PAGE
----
All this begs the question: Are the sheet-iron pieces from the FC? Or, was there an exigency that required a stopgap production of primitive CTs in the Kirk? Any thoughts?
***Please see the comments below. The origin of the sheet-iron tokens is still a mystery -- for example, what does the S mean? If you have anything to add, please step forward and share your thoughts.


  1. This comment has been removed by the author.

  2. Afraid that reality is not quite as interesting as your hypothesis. Free Church as you note was at Chapelton (Glassford is both a settlement and a parish - the parish includes the village of Chapelton) and the token for the FC is K&L(44)137 Bz1410 dated 1846.
    You have GSS 'interpreted' as Glassford Sunday School whereas K&L state that these are Sunday School Tickets. By and large both Brook and K&L will make it clear when they are 'interpreting' and this is not the case here. Sunday School tickets are unlikely to be a means of admission (to Sunday School) and perhaps more likely to have been rewards for proficiency in Scripture.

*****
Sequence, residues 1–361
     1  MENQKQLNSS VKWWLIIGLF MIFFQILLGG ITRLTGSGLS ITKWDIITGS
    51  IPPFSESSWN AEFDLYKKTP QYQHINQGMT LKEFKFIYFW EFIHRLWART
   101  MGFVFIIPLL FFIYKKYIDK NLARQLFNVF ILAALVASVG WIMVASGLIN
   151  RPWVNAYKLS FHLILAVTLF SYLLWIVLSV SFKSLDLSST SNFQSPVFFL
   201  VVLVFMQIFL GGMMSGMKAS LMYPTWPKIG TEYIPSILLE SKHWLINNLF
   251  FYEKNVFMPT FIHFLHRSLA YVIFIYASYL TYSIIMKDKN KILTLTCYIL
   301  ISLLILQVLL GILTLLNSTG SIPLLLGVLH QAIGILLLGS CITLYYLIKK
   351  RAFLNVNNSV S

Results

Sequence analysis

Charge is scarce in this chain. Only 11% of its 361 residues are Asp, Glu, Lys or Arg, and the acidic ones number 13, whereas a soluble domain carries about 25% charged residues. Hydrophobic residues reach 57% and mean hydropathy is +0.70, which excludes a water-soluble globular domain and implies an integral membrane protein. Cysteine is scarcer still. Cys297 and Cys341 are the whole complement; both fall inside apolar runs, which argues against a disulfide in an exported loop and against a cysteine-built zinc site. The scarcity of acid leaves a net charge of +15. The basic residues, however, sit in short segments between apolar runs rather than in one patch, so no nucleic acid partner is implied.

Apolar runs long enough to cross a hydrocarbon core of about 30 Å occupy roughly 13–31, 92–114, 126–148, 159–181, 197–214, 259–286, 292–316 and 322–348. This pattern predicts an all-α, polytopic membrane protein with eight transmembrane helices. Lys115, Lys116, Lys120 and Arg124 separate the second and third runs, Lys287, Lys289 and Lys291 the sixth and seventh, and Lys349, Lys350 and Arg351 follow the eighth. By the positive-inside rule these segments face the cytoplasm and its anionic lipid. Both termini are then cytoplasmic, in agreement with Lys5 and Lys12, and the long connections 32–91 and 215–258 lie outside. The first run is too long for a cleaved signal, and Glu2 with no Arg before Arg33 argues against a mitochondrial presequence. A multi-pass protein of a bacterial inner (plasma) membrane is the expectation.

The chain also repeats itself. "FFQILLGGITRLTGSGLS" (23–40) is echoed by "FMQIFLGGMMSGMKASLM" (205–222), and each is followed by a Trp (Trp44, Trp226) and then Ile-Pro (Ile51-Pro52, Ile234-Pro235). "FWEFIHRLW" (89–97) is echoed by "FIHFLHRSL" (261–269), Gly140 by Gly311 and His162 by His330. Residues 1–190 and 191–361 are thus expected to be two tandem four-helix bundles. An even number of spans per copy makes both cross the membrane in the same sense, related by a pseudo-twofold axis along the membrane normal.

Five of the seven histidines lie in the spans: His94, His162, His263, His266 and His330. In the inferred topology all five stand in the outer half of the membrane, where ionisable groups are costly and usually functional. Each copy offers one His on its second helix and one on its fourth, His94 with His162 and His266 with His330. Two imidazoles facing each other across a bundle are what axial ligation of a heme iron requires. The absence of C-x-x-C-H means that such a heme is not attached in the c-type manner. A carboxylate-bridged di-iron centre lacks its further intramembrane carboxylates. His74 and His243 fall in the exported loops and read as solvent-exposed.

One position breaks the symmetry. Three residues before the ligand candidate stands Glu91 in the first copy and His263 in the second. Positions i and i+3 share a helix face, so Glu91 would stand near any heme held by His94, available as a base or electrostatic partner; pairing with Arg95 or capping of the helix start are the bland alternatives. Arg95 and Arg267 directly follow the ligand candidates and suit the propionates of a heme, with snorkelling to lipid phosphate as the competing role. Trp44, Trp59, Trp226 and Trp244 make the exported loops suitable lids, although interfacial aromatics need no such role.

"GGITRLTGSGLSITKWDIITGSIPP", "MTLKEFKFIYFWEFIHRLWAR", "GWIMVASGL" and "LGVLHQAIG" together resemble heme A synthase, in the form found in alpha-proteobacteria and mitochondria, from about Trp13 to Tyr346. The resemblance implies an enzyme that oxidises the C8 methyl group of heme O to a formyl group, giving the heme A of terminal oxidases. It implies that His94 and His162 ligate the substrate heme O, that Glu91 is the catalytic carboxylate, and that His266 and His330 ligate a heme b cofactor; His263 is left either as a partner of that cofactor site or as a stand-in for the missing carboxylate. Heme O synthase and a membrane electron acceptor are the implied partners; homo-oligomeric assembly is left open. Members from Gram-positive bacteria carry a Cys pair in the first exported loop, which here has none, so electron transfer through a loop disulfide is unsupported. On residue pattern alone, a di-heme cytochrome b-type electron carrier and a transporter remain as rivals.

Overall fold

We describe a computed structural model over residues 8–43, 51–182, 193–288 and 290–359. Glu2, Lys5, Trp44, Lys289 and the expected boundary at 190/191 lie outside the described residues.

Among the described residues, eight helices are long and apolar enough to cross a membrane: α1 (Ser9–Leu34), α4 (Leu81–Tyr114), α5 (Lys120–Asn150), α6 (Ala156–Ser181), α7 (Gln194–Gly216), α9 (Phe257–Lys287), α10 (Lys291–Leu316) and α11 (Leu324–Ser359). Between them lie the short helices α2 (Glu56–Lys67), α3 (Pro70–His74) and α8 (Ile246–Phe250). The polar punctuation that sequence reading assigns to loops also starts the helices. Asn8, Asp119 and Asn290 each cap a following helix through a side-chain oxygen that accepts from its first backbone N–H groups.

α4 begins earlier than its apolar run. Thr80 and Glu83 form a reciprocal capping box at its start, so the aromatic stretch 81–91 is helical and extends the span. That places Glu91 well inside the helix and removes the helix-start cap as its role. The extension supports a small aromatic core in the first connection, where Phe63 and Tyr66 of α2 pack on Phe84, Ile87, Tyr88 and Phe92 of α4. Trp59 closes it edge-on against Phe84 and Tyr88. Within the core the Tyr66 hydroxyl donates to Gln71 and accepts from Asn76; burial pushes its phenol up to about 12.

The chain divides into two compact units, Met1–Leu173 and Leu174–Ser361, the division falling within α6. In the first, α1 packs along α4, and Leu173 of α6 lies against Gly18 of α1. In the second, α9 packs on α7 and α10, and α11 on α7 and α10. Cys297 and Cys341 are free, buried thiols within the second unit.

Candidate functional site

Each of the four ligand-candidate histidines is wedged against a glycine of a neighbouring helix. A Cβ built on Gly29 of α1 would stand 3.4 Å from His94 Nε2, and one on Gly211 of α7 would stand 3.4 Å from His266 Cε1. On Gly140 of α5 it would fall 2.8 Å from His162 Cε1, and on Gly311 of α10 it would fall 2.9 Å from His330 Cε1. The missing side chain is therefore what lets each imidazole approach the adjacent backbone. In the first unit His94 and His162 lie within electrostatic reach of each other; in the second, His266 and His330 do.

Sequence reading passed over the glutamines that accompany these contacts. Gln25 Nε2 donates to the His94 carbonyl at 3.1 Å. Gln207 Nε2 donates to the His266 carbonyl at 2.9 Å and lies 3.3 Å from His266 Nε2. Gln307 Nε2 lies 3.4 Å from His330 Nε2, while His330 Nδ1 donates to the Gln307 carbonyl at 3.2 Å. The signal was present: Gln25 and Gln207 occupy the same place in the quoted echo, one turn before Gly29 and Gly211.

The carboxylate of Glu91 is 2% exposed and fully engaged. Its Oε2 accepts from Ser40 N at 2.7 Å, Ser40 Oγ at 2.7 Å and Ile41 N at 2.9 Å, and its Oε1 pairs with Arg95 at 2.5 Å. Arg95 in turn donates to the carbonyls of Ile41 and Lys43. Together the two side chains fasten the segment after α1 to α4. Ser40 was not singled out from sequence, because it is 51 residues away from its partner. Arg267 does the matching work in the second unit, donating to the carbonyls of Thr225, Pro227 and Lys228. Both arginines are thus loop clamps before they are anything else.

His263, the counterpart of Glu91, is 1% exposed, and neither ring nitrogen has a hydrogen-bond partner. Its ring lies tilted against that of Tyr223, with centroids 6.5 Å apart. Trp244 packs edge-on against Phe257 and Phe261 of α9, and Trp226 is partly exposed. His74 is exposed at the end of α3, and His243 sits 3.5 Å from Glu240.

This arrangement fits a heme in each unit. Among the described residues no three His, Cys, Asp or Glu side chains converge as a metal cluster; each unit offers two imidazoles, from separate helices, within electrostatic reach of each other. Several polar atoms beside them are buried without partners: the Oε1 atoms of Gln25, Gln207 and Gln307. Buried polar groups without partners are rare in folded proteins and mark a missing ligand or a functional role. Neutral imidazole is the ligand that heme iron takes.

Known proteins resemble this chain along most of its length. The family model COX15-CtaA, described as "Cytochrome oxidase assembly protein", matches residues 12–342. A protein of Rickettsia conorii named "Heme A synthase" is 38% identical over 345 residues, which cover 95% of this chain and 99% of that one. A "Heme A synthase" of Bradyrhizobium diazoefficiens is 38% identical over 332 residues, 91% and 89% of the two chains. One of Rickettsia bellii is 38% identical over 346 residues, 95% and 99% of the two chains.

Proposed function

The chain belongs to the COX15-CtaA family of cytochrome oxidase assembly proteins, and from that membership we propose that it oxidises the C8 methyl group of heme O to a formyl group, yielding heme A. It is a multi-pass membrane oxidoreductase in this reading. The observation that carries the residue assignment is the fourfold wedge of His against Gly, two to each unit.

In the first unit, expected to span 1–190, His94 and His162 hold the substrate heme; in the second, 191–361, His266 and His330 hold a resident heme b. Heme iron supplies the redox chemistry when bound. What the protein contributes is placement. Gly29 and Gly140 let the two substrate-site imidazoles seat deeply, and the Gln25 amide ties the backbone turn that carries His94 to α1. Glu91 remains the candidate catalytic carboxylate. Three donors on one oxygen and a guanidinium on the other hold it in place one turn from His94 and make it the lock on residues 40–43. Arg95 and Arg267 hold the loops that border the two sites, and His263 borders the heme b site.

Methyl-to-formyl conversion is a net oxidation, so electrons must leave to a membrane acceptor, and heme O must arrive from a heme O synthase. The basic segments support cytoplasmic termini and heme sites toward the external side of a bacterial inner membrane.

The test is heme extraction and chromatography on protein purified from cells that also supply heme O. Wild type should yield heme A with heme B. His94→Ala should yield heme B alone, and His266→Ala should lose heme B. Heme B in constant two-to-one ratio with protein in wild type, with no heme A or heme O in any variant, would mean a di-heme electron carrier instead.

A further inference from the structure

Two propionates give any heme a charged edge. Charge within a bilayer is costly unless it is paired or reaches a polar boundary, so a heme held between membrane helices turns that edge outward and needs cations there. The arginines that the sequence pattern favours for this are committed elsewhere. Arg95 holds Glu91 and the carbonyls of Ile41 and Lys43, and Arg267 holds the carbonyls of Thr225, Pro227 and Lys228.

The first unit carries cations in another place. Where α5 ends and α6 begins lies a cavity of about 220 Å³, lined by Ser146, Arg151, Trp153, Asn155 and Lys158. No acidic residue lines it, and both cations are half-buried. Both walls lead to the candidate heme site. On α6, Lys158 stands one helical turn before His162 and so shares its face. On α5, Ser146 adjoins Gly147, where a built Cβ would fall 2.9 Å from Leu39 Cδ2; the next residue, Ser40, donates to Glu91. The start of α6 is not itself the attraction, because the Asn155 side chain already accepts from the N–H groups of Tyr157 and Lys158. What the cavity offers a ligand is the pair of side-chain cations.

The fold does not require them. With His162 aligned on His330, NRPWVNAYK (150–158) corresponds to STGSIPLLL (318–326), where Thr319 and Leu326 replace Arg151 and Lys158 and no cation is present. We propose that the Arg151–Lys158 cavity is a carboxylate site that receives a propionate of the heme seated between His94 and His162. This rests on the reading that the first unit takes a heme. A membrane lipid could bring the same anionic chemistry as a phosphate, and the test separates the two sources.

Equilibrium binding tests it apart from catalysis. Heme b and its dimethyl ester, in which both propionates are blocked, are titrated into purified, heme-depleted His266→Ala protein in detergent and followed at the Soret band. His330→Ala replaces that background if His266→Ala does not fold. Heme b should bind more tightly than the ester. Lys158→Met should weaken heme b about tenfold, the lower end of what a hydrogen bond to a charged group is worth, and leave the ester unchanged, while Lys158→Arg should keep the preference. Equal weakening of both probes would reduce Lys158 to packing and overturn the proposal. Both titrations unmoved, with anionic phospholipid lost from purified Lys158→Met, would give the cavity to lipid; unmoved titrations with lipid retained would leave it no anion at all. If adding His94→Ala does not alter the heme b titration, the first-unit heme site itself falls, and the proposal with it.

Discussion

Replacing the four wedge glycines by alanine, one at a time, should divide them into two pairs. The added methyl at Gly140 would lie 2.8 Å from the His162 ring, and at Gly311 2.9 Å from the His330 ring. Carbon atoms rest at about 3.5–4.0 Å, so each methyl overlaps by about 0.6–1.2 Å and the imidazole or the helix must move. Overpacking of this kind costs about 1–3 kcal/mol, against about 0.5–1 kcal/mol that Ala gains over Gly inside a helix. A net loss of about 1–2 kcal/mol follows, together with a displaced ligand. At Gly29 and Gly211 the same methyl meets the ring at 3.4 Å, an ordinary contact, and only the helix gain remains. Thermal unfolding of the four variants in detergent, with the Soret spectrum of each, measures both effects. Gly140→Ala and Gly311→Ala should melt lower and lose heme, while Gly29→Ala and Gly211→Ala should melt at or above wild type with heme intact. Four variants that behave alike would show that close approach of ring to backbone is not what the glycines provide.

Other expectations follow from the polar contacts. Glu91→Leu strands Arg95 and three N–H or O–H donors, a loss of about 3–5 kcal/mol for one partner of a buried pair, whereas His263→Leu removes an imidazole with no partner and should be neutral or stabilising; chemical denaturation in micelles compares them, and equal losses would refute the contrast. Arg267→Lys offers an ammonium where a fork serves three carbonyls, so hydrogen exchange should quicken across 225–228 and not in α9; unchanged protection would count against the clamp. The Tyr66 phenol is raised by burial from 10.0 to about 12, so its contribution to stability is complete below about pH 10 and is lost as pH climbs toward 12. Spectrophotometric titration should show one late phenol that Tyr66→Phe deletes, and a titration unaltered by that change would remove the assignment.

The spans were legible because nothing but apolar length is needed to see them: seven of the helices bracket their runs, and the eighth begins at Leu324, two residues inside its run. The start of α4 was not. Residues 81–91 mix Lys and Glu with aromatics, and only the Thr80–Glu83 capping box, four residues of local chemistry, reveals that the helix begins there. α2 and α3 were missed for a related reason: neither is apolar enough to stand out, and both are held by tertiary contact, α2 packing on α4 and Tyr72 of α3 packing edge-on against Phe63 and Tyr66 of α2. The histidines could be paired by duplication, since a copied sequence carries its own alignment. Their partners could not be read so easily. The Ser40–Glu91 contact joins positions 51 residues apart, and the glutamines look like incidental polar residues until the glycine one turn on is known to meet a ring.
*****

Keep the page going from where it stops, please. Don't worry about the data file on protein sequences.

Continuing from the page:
The church opened in 1888 was a new build for the Free Church and replaced the original which is now the village hall (J. Frew - Chapelton history)
    I note that this brings you once again to the vicinity of Strathaven - would suggest before you set out for these shores and ask for "Strathaven" you visit - .
    Best wishes,